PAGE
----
Stage 9 – Acceptance

This is the stage of withdrawal and calm. It is also a great time to write. As Robert Frost once said, ‘no tears in the writer, no tears in the reader’. So pick at those fresh scabs and get something onto paper. Before you know it, you’ll be a bestselling author advising struggling writers to grow a thick skin.

There you have it. Time to get those manuscripts polished and start bleeding.

Five reasons why I’m a bad feminist

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I’m a feminist, but if I’m honest, I’m not particularly good at it. While I would love to blame my failings on my religious upbringing or lack of feminist role models, the bottom line is that I now know better.

Here are five reasons why I am a bad feminist:

  1. I read (and love) romance novels.

I don’t just read stories about love, but stories about gender stereotypes; manly men who save women in need of physical or emotional rescuing. To make matters worse, I prefer endings in which the protagonist and love interest end up together. Single and happy does not work for me in this space. Ouch.

  1. I will go and watch Fifty Shades Darker.

Do I agree with feminist claims that Christian Grey is an abusive sociopath? Sure. Would I warn a friend off him? Absolutely. Would I date him? No way (wait, how rich is he?). Did I crush on him while watching Fifty Shades of Grey? Little bit. I can’t explain it, and ashamed to admit it, but I will go and see the sequel the day it opens in the cinemas. I feel ill knowing that in some small way I will be reinforcing to men that women secretly want to be dominated and controlled. I can only promise to take a long, cleansing shower afterwards.

  1. I’m capable of intelligent feminist debate, yet generally resort to ‘men are shit’ type comments

A good feminist does not lose their shit during a feminist debate. If you lose your cool and call someone out for being a misogynist arsehole, your opinions are immediately devalued by your audience. People may even laugh at you. You will be labelled as something that ultimately translates to ‘hysterical’. It’s not fair, but this is how it is for now. So a massive hats-off to all the amazing feminists in the media who give well-thought-out, calm responses under difficult circumstances. I will continue to swear openly at all the chauvinists so that you don’t have to.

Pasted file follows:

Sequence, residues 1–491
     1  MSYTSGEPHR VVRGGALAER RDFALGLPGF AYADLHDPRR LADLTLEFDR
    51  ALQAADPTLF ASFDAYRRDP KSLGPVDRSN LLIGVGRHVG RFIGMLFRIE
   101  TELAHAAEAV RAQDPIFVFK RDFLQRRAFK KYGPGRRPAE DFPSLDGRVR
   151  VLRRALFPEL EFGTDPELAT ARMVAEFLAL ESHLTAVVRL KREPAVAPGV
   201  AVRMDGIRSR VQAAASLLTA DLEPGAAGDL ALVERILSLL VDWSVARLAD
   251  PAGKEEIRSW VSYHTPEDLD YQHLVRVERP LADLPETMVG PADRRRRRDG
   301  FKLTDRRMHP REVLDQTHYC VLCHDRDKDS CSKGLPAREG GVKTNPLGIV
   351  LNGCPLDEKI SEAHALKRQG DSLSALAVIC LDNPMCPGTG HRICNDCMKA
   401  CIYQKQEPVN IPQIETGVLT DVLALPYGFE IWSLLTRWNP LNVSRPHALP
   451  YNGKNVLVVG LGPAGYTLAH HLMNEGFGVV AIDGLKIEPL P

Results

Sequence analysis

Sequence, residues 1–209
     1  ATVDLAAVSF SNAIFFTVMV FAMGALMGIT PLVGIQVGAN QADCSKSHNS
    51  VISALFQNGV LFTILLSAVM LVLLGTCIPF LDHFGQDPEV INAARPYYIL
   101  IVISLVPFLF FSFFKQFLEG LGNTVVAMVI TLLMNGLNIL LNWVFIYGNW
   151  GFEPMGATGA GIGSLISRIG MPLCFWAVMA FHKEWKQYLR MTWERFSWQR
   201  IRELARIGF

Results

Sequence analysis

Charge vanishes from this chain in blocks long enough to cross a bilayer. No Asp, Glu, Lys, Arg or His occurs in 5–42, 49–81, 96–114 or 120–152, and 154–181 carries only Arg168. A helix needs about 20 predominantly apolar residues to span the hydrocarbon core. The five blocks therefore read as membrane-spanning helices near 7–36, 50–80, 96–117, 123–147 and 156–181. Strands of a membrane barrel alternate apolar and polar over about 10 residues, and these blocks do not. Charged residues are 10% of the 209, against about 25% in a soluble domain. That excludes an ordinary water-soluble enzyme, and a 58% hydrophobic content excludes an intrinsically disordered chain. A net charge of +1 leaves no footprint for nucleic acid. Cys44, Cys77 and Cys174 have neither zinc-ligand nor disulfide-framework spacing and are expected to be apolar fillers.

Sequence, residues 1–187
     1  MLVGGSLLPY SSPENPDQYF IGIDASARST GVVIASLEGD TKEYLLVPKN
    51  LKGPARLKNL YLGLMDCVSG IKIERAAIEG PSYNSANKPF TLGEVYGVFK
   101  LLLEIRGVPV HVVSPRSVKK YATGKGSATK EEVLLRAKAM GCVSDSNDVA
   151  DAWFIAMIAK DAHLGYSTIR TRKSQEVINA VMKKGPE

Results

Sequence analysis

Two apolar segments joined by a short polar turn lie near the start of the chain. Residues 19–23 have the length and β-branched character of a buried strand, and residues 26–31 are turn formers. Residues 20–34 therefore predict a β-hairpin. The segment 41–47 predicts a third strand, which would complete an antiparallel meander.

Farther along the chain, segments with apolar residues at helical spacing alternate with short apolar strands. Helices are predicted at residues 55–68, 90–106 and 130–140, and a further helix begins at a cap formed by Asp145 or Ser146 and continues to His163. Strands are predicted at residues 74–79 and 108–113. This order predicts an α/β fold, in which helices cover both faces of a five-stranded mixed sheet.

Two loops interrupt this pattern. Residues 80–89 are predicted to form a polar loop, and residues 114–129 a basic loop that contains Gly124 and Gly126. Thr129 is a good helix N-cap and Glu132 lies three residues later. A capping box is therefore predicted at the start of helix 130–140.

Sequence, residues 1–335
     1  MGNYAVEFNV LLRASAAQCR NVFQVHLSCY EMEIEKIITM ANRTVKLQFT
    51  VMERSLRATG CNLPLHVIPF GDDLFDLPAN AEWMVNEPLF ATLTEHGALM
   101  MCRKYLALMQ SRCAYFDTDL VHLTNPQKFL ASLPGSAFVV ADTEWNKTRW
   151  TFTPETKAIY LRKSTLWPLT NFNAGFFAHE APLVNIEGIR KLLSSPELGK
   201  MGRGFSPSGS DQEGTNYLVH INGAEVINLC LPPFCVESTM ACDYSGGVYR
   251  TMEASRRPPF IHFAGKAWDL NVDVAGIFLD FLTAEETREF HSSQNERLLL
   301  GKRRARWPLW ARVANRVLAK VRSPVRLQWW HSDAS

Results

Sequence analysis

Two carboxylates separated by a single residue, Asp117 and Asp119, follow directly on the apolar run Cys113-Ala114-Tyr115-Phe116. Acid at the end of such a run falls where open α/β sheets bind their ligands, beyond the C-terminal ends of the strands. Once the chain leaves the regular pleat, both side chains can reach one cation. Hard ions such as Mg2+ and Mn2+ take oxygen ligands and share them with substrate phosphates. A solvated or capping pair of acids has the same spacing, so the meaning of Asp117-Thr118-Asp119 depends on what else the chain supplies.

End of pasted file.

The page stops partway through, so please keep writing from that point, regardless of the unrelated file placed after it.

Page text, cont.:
1. I like a man who offers to pay for dinner

I know, I know. I blame this one on all of the romance novels I read that keep me badly trained. But until women are paid the same as men, I’m allowed to hold on to this one. Consider it the price of patriarchy.

  1. Chores in our house are gendered

Sharpen your pitchforks because it’s 1950 in the Bird house. Each morning hubby traipses off to work while I tend to the children and commit myself to cooking and chores. We have got ourselves good and stuck this way. And unfortunately I am a huge part of the problem. You see, watching my husband attempt to multitask in the kitchen is a bit like listening to a stutterer read. Eventually, I’m going to jump in there and help. As an accountant, I thought he would easily grasp varying cooking times in order to get to one agreed eating time. But despite an elaborate mess of chalky sums on the pantry door blackboard, he usually finishes with burnt sausages and a sweaty forehead. To be fair, I think his fear of me inhibits his abilities. On the mornings he prepares breakfast for the boys, I stand at the edge of the kitchen like a tethered Rottweiler. Every few minutes he glances cautiously over at me because he has no idea how long the tether is that day.

Before you feed me to the social media trolls, I want to reassure all the ‘good feminists’ reading this that I am a work in progress. I have no doubt that in a few months years you will be reading all about the Five ways I became a rockstar feminist.

Experimental fiction: This Is The Story I Tell Them

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They tell me I am displaying neurotic behaviours. The intense boredom and frustration make me do strange things. They tell me to stop, lay-down. But I have seen the sores that are born from defeat, so I remain on my feet, chewing at the air and the bars that confine me. They say, stop. Tell us the story. This is the story I tell them.